Nobody likes a complainer. Every church has a few – those whose “glass is half empty.” They are never satisfied. They gripe about the weeds in the landscaping, complain that the pastor preaches too long, and they can’t stand the new music. They’re irritated by the children who make noise in church and say the youth group disrespects God because they wear blue jeans.
Sometimes complainers work their way into the church board. They pour discouragement on the leaders like water on a fire. They are a pastor’s worst nightmare. Yeah, everyone knows – or has known – a person like this.
Complainers are often consumers. They want everything their way. They have an inflated opinion of their own opinion. It is an issue of spiritual insecurity and weak faith development.
Since complainers exist in every church, it is hard to identify a move of God we’ve seen in churches over the last few years. Most pastors aren’t even aware of this major spiritual movement…yet!
Focus on these issues:
- When we work with churches, we conduct one-on-one, confidential interviews. It’s amazing what you learn, as an outsider, when you promise not to share who said what! Several years ago, we began noticing a trend. We began to see an increasing number of church leaders who shared frustration about their churches. These, however, are not “complainers.” They are mature Christians, heavily involved in their churches. They love their pastors and generously support God’s work. They have not shared their frustrations, because they don’t want to hurt the church. They remain strong in Bible study and are committed to outreach.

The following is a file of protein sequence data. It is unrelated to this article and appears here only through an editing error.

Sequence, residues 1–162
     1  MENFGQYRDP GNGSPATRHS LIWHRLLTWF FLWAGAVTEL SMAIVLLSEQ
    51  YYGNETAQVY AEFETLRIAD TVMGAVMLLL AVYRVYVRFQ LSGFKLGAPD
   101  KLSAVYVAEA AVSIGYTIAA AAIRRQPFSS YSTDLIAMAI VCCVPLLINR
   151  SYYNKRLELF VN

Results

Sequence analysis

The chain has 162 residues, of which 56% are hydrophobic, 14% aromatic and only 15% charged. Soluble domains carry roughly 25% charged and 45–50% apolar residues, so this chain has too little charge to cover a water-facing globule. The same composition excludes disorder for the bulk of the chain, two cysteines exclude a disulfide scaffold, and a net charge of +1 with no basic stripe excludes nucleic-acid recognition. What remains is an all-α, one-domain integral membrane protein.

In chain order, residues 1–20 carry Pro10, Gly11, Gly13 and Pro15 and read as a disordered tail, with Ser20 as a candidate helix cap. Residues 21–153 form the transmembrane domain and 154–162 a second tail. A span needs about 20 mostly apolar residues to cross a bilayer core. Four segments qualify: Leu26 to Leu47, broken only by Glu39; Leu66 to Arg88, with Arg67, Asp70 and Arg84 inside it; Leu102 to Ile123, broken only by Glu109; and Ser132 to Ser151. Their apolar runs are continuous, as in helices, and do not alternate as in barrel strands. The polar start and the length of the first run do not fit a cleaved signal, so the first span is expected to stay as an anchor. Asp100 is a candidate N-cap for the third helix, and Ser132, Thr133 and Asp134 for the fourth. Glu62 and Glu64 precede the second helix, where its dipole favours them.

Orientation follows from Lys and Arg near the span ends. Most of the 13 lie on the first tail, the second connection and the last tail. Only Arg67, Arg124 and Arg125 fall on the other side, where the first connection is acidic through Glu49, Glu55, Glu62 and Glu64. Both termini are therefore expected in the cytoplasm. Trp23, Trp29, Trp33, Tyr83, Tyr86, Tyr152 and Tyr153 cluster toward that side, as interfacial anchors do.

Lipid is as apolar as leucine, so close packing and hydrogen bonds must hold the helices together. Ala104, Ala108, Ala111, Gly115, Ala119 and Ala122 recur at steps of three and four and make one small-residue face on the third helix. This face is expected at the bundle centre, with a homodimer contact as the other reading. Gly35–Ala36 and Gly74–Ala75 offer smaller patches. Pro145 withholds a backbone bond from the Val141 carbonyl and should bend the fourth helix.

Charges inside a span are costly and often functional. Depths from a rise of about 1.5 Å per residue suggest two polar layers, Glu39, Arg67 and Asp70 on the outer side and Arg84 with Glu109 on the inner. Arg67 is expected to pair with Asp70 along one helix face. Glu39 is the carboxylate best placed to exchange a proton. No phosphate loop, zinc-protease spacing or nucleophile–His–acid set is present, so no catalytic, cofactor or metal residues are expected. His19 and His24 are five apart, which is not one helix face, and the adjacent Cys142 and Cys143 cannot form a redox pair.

- This is what they say: “I wish our church could do more.” “I’d like our church to be more effective.” “It seems like there should be more people in worship.” “Our church should have a greater role in our community.” “It seems like Christianity should have greater impact on our culture.” “If this nation continues the way it’s going, spiritually, I fear it’s not going to be a very good place for my grandchildren.” Question: have you ever, privately, had these thoughts? If so, brace yourself for a new insight.
- These are not the thoughts of chronic complainers. Through an act of God, they have “holy discontent” or “spiritual restlessness.” Studying the history of revivals (and having worked with several overseas), I have noticed that when God raises people with “spiritual restlessness,” it represents an early stage of “awakening.” This is a spiritual “wake-up call” for the church. It is a spiritual renewal, a reinvigoration of spiritual health. It includes back-to-basics-biblical Christianity. Those with “holy discontent” are “early adopters,” the pioneers. They are those who God has chosen to encourage and influence others in the church. They are selected by the Holy Spirit.
- The key for every church is to organize those who have been touched with this “holy restlessness.” Some may be among the leadership of the church. Many are not. I recommend you organize them into a Vision Team. Begin to focus their “holy restlessness” toward spiritual strategies to prepare your church for a revival in the land. For most churches, that will take a minimum of two years. So start now! Get ready!
The evidence is clear: God is on the move in North America.
How does your church organize people with holy restlessness? We welcome your comments below.
Kent Hunter, founder of Church Doctor Ministries, is known as the Church Doctor. His most recent e-books are The Future Is Now and The J-Dog Journey, available at no cost. Contact him at (800) 626-8515, by email, Twitter, Facebook, or visit www.churchdoctor.org.